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Here’s Why Medium-Term Rentals Are Good First-Time Investments

Erin Spradlin
3 min read
Here’s Why Medium-Term Rentals Are Good First-Time Investments

About 50 percent of my client base is comprised of investors in all stages of investing. We have people that are brand new to investing and/or home ownership, people that own between three to five properties, and then people who have been doing this for a long time with many different properties in many different locations.

I think we all aspire to be that last demographic, but it can be difficult to get yourself from zero investments to seasoned investor. And it can be particularly hard to go from zero investments to one investment. For this reason, I like medium-term rentals for first-time investors.

What Is a Medium-Term Rental?

Medium-term rentals are often thought of as subletting, and what they usually look like are furnished rentals for 31 or more days. Frequently, the demographic for these rentals are traveling nurses, corporate employees, people considering divorce, and new transplants to your city that aren’t ready to commit on a neighborhood yet. All of these subsets need somewhere to go, and you can give them a place. 

Small comfortable living room with minimalist furniture

Why You Should Invest in Medium-Term Rentals

1. The Money

While we find people get the best returns doing short-term rentals (aka Airbnb), there are often reasons not to do an Airbnb: local regulation, the amount of work, stranger danger, etc. And while long-term rentals are hypothetically the easiest investment, the money is not as good. That leaves us with medium-term rentals, which tend to return about 1.25-1.5 percent of what you would make with normal, long-term rentals.

Related: The Pros and Cons of Renting Your Place on Airbnb

2. The Work

Medium-term rentals require more work than a long-term rental, and less work than a short-term rental. With a long-term rental, there is no furnishing. You buy the place and then find a renter. For a short-term rental, you have to buy a place, furnish it, craft a listing (or many listings), and then maintain the guest experience for the rest of time. (This can can get tedious.) Whereas, medium-term rentals require you to 1.) purchase the place, 2.) furnish it, 3.) build a listing or listings, and 4.) have very limited to almost no client contact after the tenant has been installed.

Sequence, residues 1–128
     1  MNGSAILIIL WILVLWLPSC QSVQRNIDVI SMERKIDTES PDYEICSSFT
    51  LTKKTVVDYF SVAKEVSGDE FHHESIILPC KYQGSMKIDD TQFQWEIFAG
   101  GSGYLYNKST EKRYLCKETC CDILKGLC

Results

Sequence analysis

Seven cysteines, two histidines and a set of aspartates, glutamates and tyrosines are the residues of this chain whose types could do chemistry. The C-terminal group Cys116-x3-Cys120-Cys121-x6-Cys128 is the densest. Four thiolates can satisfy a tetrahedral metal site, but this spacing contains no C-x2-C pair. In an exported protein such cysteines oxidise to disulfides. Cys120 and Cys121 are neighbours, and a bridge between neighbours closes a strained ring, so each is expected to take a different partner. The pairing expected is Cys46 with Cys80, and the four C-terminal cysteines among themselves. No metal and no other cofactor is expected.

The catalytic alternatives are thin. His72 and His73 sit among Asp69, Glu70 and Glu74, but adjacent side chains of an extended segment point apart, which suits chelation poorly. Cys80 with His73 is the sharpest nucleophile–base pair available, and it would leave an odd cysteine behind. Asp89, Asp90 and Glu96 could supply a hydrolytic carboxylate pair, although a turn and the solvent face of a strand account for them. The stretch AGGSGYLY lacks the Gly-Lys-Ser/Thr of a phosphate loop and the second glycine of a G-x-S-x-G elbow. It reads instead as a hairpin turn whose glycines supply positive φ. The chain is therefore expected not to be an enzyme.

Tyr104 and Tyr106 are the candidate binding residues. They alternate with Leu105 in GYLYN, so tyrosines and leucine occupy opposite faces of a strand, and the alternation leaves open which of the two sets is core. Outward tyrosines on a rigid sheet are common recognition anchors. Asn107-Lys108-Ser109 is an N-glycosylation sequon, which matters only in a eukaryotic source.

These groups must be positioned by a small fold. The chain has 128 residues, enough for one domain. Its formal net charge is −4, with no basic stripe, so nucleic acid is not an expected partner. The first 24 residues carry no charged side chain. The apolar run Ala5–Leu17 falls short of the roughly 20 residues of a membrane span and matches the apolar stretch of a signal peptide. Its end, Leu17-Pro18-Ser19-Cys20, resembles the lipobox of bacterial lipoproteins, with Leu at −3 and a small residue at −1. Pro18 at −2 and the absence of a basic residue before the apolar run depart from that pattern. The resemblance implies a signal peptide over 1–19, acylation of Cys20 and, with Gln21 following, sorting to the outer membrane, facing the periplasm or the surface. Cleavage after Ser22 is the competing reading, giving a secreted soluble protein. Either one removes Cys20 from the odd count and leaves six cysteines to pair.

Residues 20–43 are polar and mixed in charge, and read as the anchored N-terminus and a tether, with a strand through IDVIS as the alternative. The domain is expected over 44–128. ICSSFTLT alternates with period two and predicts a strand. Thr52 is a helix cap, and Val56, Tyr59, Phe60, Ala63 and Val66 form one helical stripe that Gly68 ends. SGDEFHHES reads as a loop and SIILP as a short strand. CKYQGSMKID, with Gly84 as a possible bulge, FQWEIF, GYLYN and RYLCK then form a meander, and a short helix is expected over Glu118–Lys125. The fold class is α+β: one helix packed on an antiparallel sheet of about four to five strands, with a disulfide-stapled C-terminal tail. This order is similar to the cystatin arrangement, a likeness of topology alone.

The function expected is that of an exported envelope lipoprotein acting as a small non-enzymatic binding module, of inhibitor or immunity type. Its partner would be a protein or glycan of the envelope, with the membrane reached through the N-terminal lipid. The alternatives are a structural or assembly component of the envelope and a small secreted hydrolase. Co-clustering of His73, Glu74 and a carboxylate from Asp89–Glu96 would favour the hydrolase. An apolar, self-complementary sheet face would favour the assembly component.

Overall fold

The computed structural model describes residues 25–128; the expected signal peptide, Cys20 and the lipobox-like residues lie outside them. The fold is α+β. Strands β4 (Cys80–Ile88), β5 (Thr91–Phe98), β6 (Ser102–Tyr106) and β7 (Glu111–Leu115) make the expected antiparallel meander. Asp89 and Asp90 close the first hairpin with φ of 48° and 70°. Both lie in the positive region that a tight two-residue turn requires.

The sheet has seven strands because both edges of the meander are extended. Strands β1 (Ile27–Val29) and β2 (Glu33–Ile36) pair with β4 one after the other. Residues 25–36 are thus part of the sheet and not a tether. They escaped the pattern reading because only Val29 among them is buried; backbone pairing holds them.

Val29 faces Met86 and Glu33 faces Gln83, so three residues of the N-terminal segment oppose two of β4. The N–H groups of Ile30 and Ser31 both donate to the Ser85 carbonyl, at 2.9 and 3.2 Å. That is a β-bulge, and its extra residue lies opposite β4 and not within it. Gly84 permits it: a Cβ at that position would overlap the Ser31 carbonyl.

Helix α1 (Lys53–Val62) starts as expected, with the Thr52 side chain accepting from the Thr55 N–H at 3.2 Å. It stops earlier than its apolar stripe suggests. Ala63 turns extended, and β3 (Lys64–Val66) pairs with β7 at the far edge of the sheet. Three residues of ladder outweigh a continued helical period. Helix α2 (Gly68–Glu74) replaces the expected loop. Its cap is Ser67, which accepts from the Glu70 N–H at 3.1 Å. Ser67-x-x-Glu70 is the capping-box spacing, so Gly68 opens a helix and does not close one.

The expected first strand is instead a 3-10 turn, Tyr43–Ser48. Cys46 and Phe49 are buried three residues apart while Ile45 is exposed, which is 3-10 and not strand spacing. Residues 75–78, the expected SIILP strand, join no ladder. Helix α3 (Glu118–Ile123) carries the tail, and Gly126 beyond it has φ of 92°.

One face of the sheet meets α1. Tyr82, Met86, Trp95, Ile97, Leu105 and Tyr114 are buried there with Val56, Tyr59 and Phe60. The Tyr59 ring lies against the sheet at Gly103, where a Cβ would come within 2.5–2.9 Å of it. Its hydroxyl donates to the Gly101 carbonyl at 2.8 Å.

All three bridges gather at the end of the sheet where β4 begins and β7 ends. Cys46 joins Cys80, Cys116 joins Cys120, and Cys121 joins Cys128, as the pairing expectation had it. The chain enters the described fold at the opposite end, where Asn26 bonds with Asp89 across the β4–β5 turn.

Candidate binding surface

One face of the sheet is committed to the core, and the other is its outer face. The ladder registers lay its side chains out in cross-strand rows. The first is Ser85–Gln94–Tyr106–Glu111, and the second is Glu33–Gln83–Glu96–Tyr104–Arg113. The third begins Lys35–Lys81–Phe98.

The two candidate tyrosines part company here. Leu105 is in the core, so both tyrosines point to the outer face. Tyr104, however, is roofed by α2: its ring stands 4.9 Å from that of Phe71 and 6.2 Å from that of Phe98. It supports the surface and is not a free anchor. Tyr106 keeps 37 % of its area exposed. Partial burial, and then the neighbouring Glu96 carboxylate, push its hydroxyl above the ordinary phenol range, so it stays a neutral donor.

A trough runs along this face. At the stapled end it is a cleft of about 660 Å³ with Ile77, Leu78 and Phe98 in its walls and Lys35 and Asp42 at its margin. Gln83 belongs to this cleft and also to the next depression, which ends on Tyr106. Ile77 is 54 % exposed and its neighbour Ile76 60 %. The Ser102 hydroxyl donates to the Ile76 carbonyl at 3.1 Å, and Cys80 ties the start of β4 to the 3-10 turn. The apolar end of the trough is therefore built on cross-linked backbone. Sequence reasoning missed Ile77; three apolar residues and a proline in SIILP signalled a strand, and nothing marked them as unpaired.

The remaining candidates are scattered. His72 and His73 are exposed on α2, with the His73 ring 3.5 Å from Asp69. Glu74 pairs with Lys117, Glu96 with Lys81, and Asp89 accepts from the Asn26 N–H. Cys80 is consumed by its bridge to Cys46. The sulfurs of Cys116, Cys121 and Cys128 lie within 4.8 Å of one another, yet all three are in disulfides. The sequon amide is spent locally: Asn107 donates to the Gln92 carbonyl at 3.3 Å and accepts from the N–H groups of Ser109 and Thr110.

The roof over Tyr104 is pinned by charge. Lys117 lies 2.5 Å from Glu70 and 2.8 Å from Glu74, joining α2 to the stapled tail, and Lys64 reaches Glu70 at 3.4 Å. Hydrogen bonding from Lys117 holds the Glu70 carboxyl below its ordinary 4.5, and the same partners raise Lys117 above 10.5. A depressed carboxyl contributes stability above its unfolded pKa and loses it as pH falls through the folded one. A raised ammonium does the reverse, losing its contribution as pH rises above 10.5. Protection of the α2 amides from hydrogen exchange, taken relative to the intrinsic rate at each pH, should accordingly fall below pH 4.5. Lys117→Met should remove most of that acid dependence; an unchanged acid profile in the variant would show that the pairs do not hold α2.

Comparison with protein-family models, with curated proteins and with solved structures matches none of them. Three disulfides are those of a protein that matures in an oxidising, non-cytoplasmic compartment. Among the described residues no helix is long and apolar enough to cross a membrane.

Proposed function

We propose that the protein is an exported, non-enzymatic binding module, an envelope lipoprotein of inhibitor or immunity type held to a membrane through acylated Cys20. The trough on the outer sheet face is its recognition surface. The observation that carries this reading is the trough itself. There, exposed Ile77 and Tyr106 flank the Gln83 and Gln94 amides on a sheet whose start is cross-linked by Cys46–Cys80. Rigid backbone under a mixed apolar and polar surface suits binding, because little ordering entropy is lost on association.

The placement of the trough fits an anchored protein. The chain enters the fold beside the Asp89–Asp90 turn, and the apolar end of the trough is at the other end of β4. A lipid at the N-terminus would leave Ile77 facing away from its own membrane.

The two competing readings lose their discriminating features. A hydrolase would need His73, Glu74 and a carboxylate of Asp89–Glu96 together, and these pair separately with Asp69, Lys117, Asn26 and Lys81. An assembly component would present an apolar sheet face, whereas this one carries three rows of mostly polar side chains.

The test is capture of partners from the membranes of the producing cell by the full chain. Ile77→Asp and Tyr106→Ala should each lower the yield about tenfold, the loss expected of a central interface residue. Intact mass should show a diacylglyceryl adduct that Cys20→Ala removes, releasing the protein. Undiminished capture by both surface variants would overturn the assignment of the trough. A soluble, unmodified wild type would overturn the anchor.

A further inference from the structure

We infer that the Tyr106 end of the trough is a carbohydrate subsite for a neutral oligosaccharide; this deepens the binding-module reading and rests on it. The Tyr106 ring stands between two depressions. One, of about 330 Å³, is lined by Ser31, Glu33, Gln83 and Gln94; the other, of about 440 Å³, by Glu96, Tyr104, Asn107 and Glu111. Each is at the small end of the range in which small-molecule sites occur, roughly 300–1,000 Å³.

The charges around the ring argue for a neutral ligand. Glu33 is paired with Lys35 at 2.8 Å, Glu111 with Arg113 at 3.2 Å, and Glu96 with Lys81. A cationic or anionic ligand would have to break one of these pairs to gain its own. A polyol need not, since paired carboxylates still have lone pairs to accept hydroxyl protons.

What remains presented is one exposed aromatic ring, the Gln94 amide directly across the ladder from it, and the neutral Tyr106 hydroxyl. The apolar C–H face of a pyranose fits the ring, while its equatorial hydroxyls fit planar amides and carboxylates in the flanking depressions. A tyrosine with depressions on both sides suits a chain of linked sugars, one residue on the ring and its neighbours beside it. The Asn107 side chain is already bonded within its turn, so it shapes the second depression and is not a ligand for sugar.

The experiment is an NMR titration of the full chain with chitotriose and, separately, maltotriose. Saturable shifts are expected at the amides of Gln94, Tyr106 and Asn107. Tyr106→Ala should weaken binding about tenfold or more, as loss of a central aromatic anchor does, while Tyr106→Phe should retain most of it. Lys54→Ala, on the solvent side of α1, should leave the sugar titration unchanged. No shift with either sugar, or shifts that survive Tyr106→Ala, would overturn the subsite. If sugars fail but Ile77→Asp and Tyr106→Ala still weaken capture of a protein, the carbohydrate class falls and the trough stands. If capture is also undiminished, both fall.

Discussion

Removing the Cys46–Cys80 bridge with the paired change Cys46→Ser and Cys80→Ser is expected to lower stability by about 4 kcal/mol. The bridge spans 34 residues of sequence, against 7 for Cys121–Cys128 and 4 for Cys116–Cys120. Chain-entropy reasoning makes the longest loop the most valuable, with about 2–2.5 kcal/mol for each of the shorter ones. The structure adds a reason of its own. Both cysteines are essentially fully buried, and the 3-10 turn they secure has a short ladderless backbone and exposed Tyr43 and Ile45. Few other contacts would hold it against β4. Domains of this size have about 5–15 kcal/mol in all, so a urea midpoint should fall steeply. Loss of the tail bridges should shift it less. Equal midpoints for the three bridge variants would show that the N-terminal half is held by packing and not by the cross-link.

3. The Commitment

Inexperienced investors often talk themselves out of investments because of the commitment. They are traumatized by others’ horror stories of long-term tenants flooding the basement or short-term tenants throwing parties and trashing the place. Let me take a second to debunk those both: I know a lot of investors, and I’ve asked around for horror stories and nobody really has any. Doing your due diligence up front helps a lot with this. Likewise, short-term renters can be given reviews and tend to like using Airbnb and want it to stick around—so they act accordingly.

Related: 5 Tips to Handle (& Prevent) Tenants From Hell

If you’re still feeling weary about short-term rentals, then medium-term rents are the way to go. Your commitment to your tenant is usually fairly short—three to six months—so you aren’t stuck in a never-ending nightmare scenario. Alternately, this model minimizes the amount of vetting (or trust) you need to have in your tenants because the turn over is limited. I also love this option because if you do get your feet under you and decide to try short-term rentals, it’s an easy transition.

4. The Demographic

Cheerful couple receiving keys to their new home

This demographic tends to be responsible. They are either part of a typically responsible set (traveling nurses, corporate employees, etc.) or they have a major life issue going on that usually precludes them from partying (pondering a divorce, being new to a city, having a dying loved one… none of these things usually support a rager in your place.)

5. The Laws

Again, short-term money tends to be the best money, but regulation continues to shift in different cities concerning Airbnb and other short-term platforms. But 30+ day rentals typically are the legal cutoff nationwide. That is to say, you get a renter in there for more than 30 days, you are usually in the clear.

I love this model so much, I do it myself for all the above listed reasons.

Pro 3

Do you have questions or want to learn more about medium-term rentals?

Please share with a comment below! 

Note By BiggerPockets: These are opinions written by the author and do not necessarily represent the opinions of BiggerPockets.